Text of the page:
Woman killed, 3 others wounded in Poway synagogue shooting

POWAY, Calif. -- A woman was killed and multiple other people were wounded when a man entered a Poway synagogue with a rifle and opened fire Saturday morning, officials confirmed.

The suspected shooter has been identified as 19-year-old San Diego man John Earnest.

The shooting happened at Congregation Chabad, on Chabad Way near Espola Road and Rancho Bernardo Road, around 11:30 a.m., officials said. Sheriff Bill Gore said a "white male adult ... with an AR-type assault weapon" walked in to the synagogue and started shooting. About 100 people were inside at the time, according to Gore.

Four people were wounded by the gunfire, including a woman who was pronounced dead at the hospital a short time later. Neighbors and friends identified her as 60-year-old Lori Kaye of San Diego.

The other victims, an underage girl and two adult men, were being treated at Palomar Medical Center, according to San Diego County Sheriff's officials. All were expected to survive.

Witnesses said the rabbi was one of the victims, and medical officials later confirmed he would likely lose one of his fingers but survive the shooting.

As the shooter fled the temple, an off-duty Border Patrol agent who had been inside the temple fired at his car, hitting the vehicle but not the driver, Sheriff Bill Gore said.

California Highway Patrol received a call from a man claiming to have carried out the attack and telling dispatchers where he was located. Around the same time, a San Diego police officer spotted a vehicle matching the suspect’s car in the area, Police Chief David Nisleit said.

A young man, later identified as Earnest, jumped out with his hands up and surrendered to the officer, Nisleit said. As the officer put Earnest in handcuffs, “he clearly saw a rifle” on the car seat.

Officers arrived at Earnest's Rancho Peñasquitos home, where he apparently lived with his parents, a short time later. Around 3:20 p.m., officers cleared the cul-de-sac of anyone but residents and investigators. People were escorted to their homes and asked to shelter in place.

At the same time, Earnest was being questioned by investigators. Gore said that the FBI was working with local authorities to review a “manifesto” posted online by the suspected shooter. Earnest had no prior criminal record.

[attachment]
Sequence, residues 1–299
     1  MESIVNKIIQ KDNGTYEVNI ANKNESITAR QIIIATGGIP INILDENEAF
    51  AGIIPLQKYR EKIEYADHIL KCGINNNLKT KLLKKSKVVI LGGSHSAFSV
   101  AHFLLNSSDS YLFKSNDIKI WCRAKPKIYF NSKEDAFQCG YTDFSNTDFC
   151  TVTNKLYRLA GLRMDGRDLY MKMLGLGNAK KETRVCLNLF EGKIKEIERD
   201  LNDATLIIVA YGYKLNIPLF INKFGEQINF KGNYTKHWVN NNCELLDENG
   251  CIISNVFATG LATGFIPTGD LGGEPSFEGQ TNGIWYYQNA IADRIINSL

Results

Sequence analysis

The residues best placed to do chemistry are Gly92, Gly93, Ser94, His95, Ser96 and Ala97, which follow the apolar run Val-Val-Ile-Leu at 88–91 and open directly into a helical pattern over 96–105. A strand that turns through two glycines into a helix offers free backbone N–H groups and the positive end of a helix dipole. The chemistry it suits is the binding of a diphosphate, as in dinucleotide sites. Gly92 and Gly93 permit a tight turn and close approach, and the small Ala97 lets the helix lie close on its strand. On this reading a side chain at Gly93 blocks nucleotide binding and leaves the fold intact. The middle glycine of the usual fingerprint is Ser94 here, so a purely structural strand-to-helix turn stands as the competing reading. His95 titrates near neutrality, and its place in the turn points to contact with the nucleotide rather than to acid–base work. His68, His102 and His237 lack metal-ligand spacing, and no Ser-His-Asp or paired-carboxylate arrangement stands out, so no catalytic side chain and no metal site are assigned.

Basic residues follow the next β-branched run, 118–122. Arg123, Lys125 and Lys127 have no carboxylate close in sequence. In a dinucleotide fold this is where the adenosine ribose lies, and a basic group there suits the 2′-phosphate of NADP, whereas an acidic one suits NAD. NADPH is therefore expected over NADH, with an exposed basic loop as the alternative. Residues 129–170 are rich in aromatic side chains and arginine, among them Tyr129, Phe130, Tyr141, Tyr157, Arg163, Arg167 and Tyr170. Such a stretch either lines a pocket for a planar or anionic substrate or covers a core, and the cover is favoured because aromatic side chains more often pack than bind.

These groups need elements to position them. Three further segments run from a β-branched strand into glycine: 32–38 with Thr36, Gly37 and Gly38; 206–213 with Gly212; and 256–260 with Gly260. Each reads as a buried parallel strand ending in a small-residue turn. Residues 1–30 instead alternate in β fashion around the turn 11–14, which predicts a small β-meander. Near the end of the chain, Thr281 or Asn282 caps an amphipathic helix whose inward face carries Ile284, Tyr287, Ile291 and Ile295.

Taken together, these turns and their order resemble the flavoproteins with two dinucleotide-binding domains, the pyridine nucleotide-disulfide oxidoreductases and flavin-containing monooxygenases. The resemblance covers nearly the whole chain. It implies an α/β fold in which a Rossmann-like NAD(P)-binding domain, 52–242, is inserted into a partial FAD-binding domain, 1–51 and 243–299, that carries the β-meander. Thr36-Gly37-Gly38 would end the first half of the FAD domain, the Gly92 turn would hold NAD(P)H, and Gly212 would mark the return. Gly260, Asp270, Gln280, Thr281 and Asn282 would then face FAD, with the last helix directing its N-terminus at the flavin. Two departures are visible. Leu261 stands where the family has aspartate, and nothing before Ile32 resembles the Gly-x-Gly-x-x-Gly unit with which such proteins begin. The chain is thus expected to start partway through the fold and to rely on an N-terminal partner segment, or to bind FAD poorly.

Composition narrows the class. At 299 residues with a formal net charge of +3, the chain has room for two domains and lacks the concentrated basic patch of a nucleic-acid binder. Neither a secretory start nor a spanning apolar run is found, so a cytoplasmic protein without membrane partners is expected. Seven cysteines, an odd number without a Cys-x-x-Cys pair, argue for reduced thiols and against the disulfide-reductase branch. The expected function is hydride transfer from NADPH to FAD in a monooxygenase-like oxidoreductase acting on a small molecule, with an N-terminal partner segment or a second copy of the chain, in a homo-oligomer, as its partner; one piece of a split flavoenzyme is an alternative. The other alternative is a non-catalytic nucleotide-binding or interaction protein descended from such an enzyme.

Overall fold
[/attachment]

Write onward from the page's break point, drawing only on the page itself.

Escondido police said they were headed to the Islamic Center of Escondido, where an arsonist tried to start a fire and left graffiti referencing the deadly attacks at two mosques in New Zealand in late March. Officials were following up on rumors that the two attacks may be connected.

The attack came on the last day of Passover, and about six months after a deadly shooting at a synagogue in Pittsburgh. In an emotional address Poway Mayor Steve Vaus called the attack a hate crime. "We will walk through this tragedy with our arms around each other," he said, adding, "This is not Poway."

President Donald Trump extended condolences to those affected by the shooting. "God bless you all," he wrote, in part. "Law enforcement did outstanding job."

Governor Gavin Newsom also condemned the attack on Twitter, listing Poway among Charleston, Pittsburgh, Quebec and New Zealand as other recent targets of religious violence.

Officials set up a family assistance center at Poway High School for relatives looking for loved ones from the synagogue and for any members of the congregation who got separated. The center closed around 4:30 p.m.

The sheriff's office also reminded San Diegans that anyone struggling emotionally with the attack who needs someone to talk to can call Up2SD at 888-724-7240, where counselors are available 24/7.

Officials advised that roads would be closed in the immediate area through Sunday morning.

A vigil at Rancho Bernardo Community Presbyterian Church brought members of many faiths together in solidarity Saturday night:

A GoFundMe linked to a verified charitable organization is raising funds for the victims.

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